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Above: Proton Iriz EV prototype in South Korea

Budget 2015 will be tabled in Parliament this Friday, and ahead of that, the Malaysian Automotive Association (MAA) hopes the government will extend the excise duty exemptions given to locally-assembled (CKD) hybrid and electric vehicles, reports The Star.

The latest iteration of the National Automotive Policy (NAP 2014) officially brought an end to duty exemptions for all electric vehicles (EV) and hybrids with engines displacing under 2.0 litres.

The tax breaks are now reserved instead for those that are assembled in Malaysia (this time with no engine size limitations), with those for hybrids set to expire on December 31, 2015 and those for EVs set to end on December 31, 2017. Only two cars currently qualify for these tax breaks – the Honda Jazz Hybrid and Mercedes-Benz S 400 L Hybrid.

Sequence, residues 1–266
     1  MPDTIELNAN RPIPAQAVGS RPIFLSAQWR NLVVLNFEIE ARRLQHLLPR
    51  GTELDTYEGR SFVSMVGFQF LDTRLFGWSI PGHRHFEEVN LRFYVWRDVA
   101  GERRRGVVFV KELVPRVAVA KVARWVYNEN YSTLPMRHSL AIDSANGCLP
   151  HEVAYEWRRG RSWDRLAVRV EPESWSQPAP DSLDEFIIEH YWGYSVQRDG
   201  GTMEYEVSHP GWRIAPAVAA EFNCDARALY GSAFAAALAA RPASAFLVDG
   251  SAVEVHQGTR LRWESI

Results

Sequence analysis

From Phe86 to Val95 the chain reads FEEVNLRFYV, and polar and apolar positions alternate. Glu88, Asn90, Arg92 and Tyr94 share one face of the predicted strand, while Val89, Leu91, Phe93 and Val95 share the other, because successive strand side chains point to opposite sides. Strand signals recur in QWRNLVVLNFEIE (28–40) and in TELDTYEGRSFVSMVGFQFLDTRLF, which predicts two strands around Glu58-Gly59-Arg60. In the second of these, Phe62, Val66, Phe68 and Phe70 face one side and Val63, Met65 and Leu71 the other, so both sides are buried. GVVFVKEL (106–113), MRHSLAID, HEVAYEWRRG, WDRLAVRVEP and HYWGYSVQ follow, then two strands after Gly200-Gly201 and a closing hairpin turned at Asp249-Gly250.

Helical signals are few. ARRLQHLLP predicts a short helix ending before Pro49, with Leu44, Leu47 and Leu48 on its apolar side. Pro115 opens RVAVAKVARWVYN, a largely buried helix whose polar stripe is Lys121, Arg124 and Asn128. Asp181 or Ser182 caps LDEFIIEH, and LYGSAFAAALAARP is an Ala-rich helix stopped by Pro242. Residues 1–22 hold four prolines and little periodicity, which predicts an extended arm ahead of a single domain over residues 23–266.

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Above: Honda Jazz Hybrid – the first hybrid vehicle to be assembled in Malaysia

“What the MAA is requesting is for the time period (for the tax exemption) to be longer so that it can be more viable,” MAA president Datuk Aishah Ahmad told StarBiz, adding that she hoped there would be incentives to encourage electric vehicle- (EV) related infrastructure, like the setting up of more charging stations and reductions in battery costs.

MAA statistics say 51,125 vehicles found Malaysian homes in August 2014 – a mild leap from 51,106 in the same month last year – while 444,534 units were sold year-to-date in August 2014, representing a 2.7% jump over last year’s 433,025, The Star reports. A few months back, MAA raised its 2014 total industry volume (TIV) forecast to 680,000 units – 10,000 more than before.

So what can we expect from Budget 2015? Last week, Malaysia Automotive Institute (MAI) CEO Madani Sahari said that Budget 2015’s auto-related matters are likely to be aligned with NAP 2014’s aspirations. Budget 2015 is also expected to yield a list of zero-rated or tax-exempted items with respect to the upcoming Goods and Services Tax (GST) – will our petrol and diesel be GST-ed?

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